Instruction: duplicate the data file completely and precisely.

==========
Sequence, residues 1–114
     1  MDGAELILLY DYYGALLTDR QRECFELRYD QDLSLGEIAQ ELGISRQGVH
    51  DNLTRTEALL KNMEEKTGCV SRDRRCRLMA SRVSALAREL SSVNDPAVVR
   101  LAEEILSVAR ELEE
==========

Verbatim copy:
Sequence, residues 1–114
     1  MDGAELILLY DYYGALLTDR QRECFELRYD QDLSLGEIAQ ELGISRQGVH
    51  DNLTRTEALL KNMEEKTGCV SRDRRCRLMA SRVSALAREL SSVNDPAVVR
   101  LAEEILSVAR ELEE